So, despite the disheartening truth, after a few years, I learnt that one of the Star Rookies, name Haizatul Ardiella binti Abdullah, actually developed a keen interest to pave her way into the fashion industry as an upcycle fashion designer; an aspiration she developed after undergoing the Satirical Satin Project humble upcycle fashion designer workshop in 2016.
What is actually more disheartening for me is the fact that these bright youth from the underprivileged groups have endless potential in them waiting to be discovered and refined to their own advantage, but, not much help and assistance are offered to them which specifically direct them to leverage on their genuine interest and passion. Most efforts direct the target youth towards immediate employment opportunities and maximize their existing skills and not very much focus given to their interest and undiscovered potential and passion which may be of greater benefit in the long run. Following to this, the actual scenario is, though remote, the Star Rookies, ended up returning to their respective welfare homes and left the home at the age of 18 years old, with no specific life direction and assistance to stand on their own feet. What became of one of them is she returned to the family who has history of drugs abuse to become nothing, especially with no academic or vocational qualifications as a school dropout and was only sent to an Islamic school before returning to the family at age 18.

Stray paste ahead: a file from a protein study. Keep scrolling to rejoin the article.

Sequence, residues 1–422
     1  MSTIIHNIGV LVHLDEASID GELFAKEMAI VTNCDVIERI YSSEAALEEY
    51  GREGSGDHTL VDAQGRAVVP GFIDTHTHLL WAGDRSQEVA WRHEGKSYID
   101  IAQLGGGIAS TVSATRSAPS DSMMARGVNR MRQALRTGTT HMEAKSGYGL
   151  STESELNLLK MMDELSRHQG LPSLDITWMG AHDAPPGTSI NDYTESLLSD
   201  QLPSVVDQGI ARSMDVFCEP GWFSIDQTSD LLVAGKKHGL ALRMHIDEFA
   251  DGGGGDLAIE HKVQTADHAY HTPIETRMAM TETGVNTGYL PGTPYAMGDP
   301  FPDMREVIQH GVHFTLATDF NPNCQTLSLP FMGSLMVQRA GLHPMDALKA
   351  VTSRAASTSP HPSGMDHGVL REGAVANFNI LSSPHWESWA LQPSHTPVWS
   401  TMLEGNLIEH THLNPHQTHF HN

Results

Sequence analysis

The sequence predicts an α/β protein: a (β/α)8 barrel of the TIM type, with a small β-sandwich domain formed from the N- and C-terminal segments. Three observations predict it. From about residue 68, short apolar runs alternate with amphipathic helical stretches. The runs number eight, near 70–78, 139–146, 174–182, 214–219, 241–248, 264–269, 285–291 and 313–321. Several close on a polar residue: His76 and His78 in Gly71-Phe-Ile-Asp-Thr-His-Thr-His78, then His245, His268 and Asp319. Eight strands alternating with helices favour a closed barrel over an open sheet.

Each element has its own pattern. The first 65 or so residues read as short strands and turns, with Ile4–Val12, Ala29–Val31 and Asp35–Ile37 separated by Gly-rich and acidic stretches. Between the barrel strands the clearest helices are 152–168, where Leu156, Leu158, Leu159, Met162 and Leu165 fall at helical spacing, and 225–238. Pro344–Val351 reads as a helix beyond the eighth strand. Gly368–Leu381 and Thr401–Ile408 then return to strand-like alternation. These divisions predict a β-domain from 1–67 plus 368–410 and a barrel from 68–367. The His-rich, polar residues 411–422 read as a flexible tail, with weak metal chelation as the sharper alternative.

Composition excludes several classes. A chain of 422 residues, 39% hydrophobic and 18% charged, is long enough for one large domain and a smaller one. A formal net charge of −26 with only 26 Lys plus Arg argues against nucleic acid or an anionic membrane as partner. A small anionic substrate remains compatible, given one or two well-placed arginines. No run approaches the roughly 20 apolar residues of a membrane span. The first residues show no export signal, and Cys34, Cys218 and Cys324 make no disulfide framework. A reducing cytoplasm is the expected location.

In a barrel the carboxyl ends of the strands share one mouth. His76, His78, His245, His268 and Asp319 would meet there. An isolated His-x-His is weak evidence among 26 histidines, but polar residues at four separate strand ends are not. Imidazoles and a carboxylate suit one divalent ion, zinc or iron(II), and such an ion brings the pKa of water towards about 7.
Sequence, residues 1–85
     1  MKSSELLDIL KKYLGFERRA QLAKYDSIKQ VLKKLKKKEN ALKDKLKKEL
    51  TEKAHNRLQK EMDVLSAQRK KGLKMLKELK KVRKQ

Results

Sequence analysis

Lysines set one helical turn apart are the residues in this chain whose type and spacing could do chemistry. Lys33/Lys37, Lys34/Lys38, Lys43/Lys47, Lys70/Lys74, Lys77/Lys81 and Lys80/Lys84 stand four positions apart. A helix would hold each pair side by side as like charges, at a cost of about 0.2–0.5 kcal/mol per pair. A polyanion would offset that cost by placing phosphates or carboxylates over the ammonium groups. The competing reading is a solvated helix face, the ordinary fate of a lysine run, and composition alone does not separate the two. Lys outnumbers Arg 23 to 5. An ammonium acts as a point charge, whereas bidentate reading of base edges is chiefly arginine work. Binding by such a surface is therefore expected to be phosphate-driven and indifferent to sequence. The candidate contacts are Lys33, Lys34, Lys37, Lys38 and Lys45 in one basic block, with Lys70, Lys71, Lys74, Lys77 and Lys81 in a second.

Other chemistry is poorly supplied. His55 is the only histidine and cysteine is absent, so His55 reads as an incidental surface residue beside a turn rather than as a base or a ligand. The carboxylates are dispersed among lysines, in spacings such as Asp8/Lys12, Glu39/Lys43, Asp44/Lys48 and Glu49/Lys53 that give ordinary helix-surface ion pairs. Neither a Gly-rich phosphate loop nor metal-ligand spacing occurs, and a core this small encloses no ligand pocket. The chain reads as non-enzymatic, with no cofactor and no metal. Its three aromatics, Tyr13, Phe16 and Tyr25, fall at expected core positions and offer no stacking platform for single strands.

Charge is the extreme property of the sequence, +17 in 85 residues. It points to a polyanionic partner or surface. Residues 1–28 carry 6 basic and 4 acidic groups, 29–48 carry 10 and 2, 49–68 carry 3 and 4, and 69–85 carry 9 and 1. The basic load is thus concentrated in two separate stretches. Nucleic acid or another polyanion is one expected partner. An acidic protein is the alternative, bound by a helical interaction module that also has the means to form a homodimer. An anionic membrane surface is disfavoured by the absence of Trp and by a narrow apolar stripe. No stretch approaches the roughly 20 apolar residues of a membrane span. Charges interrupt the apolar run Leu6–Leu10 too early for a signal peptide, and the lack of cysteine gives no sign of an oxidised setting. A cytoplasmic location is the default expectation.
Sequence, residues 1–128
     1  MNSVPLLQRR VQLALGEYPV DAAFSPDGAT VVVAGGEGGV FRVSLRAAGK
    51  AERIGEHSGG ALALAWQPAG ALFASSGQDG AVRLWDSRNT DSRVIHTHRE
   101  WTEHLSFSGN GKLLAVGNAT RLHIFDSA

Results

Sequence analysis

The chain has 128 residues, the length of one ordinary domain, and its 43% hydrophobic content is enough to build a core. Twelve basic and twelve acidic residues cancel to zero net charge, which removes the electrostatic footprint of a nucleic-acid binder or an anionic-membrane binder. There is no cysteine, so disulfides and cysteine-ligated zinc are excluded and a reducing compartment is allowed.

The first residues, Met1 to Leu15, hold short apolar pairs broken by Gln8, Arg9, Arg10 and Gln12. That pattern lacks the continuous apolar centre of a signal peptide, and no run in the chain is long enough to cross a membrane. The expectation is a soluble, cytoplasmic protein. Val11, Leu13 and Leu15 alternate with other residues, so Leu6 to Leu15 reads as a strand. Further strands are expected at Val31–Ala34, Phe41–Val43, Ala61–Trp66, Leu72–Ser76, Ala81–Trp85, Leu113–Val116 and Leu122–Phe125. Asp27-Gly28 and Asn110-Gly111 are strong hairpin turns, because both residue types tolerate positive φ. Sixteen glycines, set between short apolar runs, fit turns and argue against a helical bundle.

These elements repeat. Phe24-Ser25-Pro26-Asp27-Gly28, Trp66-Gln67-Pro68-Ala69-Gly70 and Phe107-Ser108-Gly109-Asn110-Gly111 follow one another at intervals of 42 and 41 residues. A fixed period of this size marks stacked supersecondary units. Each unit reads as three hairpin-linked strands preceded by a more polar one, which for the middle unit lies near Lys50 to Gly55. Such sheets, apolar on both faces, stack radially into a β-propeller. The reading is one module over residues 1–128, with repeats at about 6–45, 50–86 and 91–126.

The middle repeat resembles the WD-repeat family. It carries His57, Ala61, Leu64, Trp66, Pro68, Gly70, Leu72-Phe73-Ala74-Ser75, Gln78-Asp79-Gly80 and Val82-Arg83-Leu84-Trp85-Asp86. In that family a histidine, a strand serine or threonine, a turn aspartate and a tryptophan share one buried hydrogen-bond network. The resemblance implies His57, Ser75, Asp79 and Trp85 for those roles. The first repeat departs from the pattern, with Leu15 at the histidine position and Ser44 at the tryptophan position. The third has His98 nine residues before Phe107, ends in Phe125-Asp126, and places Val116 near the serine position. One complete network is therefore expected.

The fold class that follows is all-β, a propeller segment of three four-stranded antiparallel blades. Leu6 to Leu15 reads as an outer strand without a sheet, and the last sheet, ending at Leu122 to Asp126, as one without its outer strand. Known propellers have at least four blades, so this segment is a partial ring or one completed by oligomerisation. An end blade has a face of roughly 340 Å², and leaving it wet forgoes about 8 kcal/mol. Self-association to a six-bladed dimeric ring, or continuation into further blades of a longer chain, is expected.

Thus, the spark of interest shown by Haizatul Ardiella, also known as Diella to pursue a career with upcycle fashion truly moved me and inspired me to do more than what I am doing so I am able to assist her, and many others to find their way to establish themselves as successful upcycle fashionpreneurs in Malaysia.
My work this year is highly motivated by her, to get more people and related organizations, foundations, agencies and corporates to support her aspiration and others alike, so we can create opportunities for those who fell out from the running for mainstream opportunities.
All these lead up to the final story that I would like to share about my journey with Satirical Satin Project.
The sentiments that I hold very dearly back then when I established Satirical Satin Project were very much focused on one’s self-development because I believed that everyone deserves to be good at something, thus be confident about it and leverage that advantage to achieve success, which also applies to young undergraduates who more often than not limits the world to what meets their eyes, when the world offers so much more than that.
But over time, when I studied into the causes I advocate under Satirical Satin Project, I realized that I am doing so much, not only for the community but for the environment, which if put in a bigger picture, I am not only changing lives but I am in the pursuit of changing the world.